$476.2 million. This amount represented 60 percent of the total CDBG funding allocated
       within Region III for the period. We reviewed the completed monitoring files for all 13
       grantees for which the Philadelphia and Baltimore field offices performed on-site
       monitoring during fiscal years 2007 and 2008. Those 13 grantees received $67.9 million
       of the $476.2 million (14 percent) in CDBG funds allocated within the jurisdiction of the
       field offices.

We conducted the audit in accordance with generally accepted government auditing standards.
Those standards require that we plan and perform the audit to obtain sufficient, appropriate
evidence to provide a reasonable basis for our findings and conclusions based on our audit
objective. We believe that the evidence obtained provides a reasonable basis for our findings
and conclusions based on our audit objective.


                                              12
                              INTERNAL CONTROLS

Internal control is an integral component of an organization’s management that provides
reasonable assurance that the following controls are achieved:

       Program operations,
       Relevance and reliability of information,
       Compliance with applicable laws and regulations, and
       Safeguarding of assets and resources.

Internal controls relate to management’s plans, methods, and procedures used to meet its
mission, goals, and objectives. They include the processes and procedures for planning,
organizing, directing, and controlling program operations as well as the systems for measuring,
reporting, and monitoring program performance.



 Relevant Internal Controls


              We determined that the following internal controls were relevant to our audit
              objective:

                      Policies and procedures that management implemented to reasonably ensure
                      that CDBG program monitoring complied with HUD requirements.

                      Policies and procedures that management implemented to ensure that risk
                      assessments identified activities that represented the greatest vulnerability to
                      fraud, waste, and mismanagement.

                      Policies and procedures that management implemented to ensure that
                      grantees used their grant funds to assist low- and moderate-income
                      families through eligible activities.

              We assessed the relevant controls identified above.

              A significant weakness exists if management controls do not provide reasonable
              assurance that the process for planning, organizing, directing, and controlling
              program operations will meet the organization’s objectives.


 Significant Weakness

              Based on our review, we believe that the following item is a significant weakness:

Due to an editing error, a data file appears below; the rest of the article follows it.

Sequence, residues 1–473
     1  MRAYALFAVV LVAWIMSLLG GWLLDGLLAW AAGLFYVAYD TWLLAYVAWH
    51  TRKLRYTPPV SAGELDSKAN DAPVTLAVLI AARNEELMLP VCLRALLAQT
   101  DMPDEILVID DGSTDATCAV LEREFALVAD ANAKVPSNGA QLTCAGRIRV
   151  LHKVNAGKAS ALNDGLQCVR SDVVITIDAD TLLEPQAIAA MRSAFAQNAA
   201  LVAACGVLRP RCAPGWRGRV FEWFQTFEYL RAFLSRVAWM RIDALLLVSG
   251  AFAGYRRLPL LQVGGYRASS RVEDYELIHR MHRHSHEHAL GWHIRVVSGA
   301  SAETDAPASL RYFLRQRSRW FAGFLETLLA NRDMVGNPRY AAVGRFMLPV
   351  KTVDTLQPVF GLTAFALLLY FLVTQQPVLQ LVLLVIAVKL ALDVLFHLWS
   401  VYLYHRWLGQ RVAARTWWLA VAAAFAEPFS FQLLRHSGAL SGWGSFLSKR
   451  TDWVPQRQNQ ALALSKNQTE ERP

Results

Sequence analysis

13
The Philadelphia and Baltimore field offices did not have controls to
ensure that CDBG program monitoring complied with HUD requirements
and that the intended objectives were met.




                       14
                               APPENDIXES

Appendix A

                       GRANTEES REVIEWED


                                                                   CDBG funding
                                Date of on-site     Responsible    for fiscal years
           Grantee            monitoring review     field office   2007 and 2008
  Philadelphia, PA            March 10-14, 2008     Philadelphia     $51,734,740
  Lancaster County, PA      September 17-21, 2007   Philadelphia     $ 3,328,250
  New Castle County, DE       March 26-30, 2007     Philadelphia     $ 2,447,599
  Anne Arundel County, MD     March 12-14, 2007      Baltimore       $ 2,175,387
  Dauphin County, PA           May 12-16, 2008      Philadelphia     $ 1,495,700
  Cumberland County, PA         June 2-4, 2008      Philadelphia     $ 1,345,344
  Howard County, MD          June 27-July 3, 2008    Baltimore       $ 1,158,318
  Harford County, MD           July 18-20, 2007      Baltimore       $ 1,089,692
  Hagerstown, MD             February 20-23, 2007    Baltimore       $ 962,490
  Lebanon, PA                  June 9-12, 2008      Philadelphia     $ 830,442
  Bristol Township, PA        August 26-29, 2008    Philadelphia     $ 661,294
  Annapolis, MD                March 4-6, 2008       Baltimore       $ 339,698
  Salisbury, MD               August 26-28, 2008     Baltimore       $ 298,632
  Total                                                              $67,867,586




                                       15
Appendix B

                     SCHEDULE OF DEFICIENCIES


                                     Number of
                            Was                                               Did CPD